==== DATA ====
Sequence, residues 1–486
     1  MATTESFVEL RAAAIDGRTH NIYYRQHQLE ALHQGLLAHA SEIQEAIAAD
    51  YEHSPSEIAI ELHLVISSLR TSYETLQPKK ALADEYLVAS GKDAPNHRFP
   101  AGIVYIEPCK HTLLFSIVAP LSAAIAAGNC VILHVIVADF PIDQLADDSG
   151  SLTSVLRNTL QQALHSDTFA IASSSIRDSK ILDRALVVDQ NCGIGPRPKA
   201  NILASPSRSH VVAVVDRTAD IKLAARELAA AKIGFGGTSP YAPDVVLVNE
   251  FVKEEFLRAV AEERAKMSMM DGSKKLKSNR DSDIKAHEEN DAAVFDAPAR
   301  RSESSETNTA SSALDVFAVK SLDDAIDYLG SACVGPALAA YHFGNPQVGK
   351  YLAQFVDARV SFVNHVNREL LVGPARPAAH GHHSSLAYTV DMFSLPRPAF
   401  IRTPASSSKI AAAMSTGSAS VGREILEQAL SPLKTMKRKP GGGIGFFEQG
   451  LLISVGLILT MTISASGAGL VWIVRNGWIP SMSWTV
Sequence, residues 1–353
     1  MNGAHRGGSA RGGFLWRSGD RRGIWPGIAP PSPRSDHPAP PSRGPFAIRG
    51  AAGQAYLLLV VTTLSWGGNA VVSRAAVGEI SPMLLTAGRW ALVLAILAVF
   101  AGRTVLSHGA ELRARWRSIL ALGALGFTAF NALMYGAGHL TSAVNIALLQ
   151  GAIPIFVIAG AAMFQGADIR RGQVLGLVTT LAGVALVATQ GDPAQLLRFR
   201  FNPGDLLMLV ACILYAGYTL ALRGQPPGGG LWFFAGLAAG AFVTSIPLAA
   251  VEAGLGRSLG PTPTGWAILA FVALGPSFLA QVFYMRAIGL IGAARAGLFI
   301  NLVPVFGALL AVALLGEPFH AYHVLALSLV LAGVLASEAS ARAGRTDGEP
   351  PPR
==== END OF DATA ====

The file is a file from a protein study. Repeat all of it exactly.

Sequence, residues 1–486
     1  MATTESFVEL RAAAIDGRTH NIYYRQHQLE ALHQGLLAHA SEIQEAIAAD
    51  YEHSPSEIAI ELHLVISSLR TSYETLQPKK ALADEYLVAS GKDAPNHRFP
   101  AGIVYIEPCK HTLLFSIVAP LSAAIAAGNC VILHVIVADF PIDQLADDSG
   151  SLTSVLRNTL QQALHSDTFA IASSSIRDSK ILDRALVVDQ NCGIGPRPKA
   201  NILASPSRSH VVAVVDRTAD IKLAARELAA AKIGFGGTSP YAPDVVLVNE
   251  FVKEEFLRAV AEERAKMSMM DGSKKLKSNR DSDIKAHEEN DAAVFDAPAR
   301  RSESSETNTA SSALDVFAVK SLDDAIDYLG SACVGPALAA YHFGNPQVGK
   351  YLAQFVDARV SFVNHVNREL LVGPARPAAH GHHSSLAYTV DMFSLPRPAF
   401  IRTPASSSKI AAAMSTGSAS VGREILEQAL SPLKTMKRKP GGGIGFFEQG
   451  LLISVGLILT MTISASGAGL VWIVRNGWIP SMSWTV
Sequence, residues 1–353
     1  MNGAHRGGSA RGGFLWRSGD RRGIWPGIAP PSPRSDHPAP PSRGPFAIRG
    51  AAGQAYLLLV VTTLSWGGNA VVSRAAVGEI SPMLLTAGRW ALVLAILAVF
   101  AGRTVLSHGA ELRARWRSIL ALGALGFTAF NALMYGAGHL TSAVNIALLQ
   151  GAIPIFVIAG AAMFQGADIR RGQVLGLVTT LAGVALVATQ GDPAQLLRFR
   201  FNPGDLLMLV ACILYAGYTL ALRGQPPGGG LWFFAGLAAG AFVTSIPLAA
   251  VEAGLGRSLG PTPTGWAILA FVALGPSFLA QVFYMRAIGL IGAARAGLFI
   301  NLVPVFGALL AVALLGEPFH AYHVLALSLV LAGVLASEAS ARAGRTDGEP
   351  PPR